There was a museum inside then the “command centre” with loads of valves and a periscope. The next room looked like an eating area with a nice photo of Stalin in the corner. The last room had bunks and torpedoes. The museum portion was a bit boring, but the rest made it worth the 100 RUB.
Next, we walked passed the Triumphal Arch then through a park back to the Main Street. We walked out to the waterfront and viewed the sunset.
We met the group for a farewell dinner in a very nice restaurant. We had a vegetable stir fry with tongue, a mix of seafood and a deer plate. For dessert we had an assorted plate of four cakes. The food came out very quickly for a Russian restaurant.
We said goodbye to some of the group and went with the rest for some drinks up the street. We enjoyed some vodka shots and chatted. We walked back to the hotel and said goodbye to everyone else.
Day 168: August 27, 2018
We woke up at 8:00 am and had breakfast in the hotel. At 9:30 am we met in the lobby and took a taxi with the UK ladies to the airport. They were so sweet to us, real mums. As we said goodbye, they told me how lucky I am to have such a gentleman for a husband. He really is pretty sweet.
Our flight had been moved back so we had to wait to check in. There was a flight to Pyongyang, North Korea checking in. The people in line were all men and all dressed in suits. Right after that one was a flight to Seoul, South Korea.
We sat in a coffee shop until our flight came up. My family had celebrated birthdays including mine the previous day. They recorded some videos and sent them to me. As I was watching, the tears started to pour down my face. There are certain things that are harder to miss than others. My birthday hit me hard. My favourite part of my birthday has always been spending it with family and friends.
We checked in and went through security. The international departures in Vladivostok airport had only three gates. Our flight to Seoul took much longer than you would have expected. When we looked at the map on the plane we understood. The flight went all the way east to Japan before heading back west to Seoul. This was all to avoid North Korean airspace.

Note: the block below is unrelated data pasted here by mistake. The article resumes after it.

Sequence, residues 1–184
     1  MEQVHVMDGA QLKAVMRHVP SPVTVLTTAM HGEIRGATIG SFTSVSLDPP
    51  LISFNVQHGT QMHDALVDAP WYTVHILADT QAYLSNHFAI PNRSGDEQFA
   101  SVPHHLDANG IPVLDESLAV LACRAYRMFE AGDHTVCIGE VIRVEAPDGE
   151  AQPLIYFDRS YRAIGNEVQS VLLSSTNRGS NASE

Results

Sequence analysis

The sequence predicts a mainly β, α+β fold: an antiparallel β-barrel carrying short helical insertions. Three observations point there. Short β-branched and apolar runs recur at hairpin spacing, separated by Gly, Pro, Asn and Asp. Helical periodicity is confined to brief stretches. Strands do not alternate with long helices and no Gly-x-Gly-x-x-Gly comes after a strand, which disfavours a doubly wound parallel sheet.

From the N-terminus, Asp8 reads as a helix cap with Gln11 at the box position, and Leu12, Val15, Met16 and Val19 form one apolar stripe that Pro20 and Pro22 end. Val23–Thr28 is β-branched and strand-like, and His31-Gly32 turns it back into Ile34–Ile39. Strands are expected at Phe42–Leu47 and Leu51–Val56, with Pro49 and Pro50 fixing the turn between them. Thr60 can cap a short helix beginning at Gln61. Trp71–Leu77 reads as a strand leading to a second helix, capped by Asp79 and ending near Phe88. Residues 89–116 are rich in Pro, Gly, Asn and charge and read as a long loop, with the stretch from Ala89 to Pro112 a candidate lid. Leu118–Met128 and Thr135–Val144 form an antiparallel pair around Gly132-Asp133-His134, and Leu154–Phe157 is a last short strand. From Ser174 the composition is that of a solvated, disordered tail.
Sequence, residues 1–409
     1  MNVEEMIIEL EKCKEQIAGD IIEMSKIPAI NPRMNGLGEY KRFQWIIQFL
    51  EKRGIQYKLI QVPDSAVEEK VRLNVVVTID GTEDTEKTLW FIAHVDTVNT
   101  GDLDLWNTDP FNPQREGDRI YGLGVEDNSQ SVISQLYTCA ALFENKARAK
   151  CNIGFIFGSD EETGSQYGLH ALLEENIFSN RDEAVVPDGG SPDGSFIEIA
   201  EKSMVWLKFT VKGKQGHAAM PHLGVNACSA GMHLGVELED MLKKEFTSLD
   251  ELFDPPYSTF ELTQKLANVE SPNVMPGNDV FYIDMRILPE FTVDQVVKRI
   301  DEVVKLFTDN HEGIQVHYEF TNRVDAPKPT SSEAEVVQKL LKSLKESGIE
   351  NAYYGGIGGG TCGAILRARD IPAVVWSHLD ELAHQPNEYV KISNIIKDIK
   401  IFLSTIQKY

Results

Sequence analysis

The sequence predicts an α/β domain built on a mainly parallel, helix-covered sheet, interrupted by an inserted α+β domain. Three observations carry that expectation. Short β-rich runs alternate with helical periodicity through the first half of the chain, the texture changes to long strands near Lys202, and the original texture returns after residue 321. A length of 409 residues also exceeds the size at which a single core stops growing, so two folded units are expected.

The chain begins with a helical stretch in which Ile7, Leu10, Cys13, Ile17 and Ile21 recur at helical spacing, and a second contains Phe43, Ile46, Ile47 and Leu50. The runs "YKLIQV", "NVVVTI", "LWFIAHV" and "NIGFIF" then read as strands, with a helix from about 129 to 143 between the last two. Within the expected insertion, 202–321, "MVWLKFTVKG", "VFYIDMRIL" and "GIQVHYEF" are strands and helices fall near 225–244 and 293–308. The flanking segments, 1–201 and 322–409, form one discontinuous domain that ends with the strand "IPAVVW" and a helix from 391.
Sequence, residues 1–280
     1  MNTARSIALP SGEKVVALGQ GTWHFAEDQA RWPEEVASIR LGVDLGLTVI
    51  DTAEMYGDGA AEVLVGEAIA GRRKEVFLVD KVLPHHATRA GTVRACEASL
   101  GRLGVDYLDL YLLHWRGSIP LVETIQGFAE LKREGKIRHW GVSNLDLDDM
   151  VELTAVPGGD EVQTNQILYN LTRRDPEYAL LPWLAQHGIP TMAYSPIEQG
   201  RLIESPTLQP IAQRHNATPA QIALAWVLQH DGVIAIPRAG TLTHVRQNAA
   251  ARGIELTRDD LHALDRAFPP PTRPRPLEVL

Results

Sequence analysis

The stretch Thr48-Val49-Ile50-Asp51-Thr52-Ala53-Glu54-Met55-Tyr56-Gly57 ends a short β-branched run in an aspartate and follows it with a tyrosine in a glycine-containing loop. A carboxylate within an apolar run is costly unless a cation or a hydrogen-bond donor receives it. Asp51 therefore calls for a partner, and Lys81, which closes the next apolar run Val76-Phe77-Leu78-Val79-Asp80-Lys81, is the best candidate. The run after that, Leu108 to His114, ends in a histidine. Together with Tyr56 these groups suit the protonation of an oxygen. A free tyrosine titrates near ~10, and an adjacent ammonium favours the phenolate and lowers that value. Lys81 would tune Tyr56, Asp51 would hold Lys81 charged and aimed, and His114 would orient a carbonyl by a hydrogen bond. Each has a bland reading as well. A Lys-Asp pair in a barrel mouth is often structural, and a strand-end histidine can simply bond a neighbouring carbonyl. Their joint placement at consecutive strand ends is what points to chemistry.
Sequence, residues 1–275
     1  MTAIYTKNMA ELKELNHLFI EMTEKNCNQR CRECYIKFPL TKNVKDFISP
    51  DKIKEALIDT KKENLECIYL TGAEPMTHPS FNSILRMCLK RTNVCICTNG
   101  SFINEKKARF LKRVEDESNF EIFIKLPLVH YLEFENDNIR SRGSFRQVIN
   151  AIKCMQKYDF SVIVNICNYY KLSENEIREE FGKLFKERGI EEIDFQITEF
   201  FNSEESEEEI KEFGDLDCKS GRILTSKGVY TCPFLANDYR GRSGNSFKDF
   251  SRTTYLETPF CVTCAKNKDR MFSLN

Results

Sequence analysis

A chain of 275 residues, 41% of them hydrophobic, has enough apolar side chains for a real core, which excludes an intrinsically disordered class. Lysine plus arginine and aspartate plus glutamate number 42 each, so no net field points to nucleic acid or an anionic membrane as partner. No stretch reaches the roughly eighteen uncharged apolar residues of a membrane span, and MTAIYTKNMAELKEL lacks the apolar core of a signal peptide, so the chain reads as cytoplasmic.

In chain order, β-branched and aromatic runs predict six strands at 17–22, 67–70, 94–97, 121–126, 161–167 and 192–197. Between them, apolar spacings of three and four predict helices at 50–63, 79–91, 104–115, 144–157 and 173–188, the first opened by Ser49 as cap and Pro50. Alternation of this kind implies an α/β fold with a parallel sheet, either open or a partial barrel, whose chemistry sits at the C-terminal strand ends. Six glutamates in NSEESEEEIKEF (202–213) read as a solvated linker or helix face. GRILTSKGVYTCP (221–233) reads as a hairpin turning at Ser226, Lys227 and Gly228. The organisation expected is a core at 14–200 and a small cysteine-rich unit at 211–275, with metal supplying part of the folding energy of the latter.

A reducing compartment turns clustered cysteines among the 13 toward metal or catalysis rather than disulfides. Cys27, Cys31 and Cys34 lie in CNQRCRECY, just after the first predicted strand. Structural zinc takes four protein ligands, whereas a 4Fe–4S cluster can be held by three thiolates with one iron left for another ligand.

We were fed a meal on the flight and there were free movies. Arriving in Seoul was interesting. The airport was shiny and new, the toilets had built in bidets and the people were friendly. They didn’t butt in line and were just pleasant. It was much different than Eastern Europe where everyone comes across as harsh.
We were fed another meal on our flight from Seoul to Ulaanbatar. We arrived and took some cash out of the ATM for a cab. We strategized our cab ride much better than we did in Russia. The cab driver we approached didn’t try to rip us off. He offered us a fair price up front and we agreed. We gave him the phone number of our Airbnb host so he could provide directions. The Airbnb is quite spacious with a bedroom, living room and kitchen.
Leaving Russia was one of the few times where I was ready to leave a country. I enjoyed Russia, but it was time to move on. I was glad to be finished our Trans-Siberian adventure. My mom asked if I would recommend the railway trip to others and I don’t think I would unless you loved trains. The sights were nothing incredible, the food wasn’t that great and the train journey was hard mentally. I am grateful for the people we met.
We were talking with some of the people in our group about Mongolia and it got us very excited about this upcoming leg of the trip. We have some days in Ulaanbatar to relax before we head out of the city for a bit.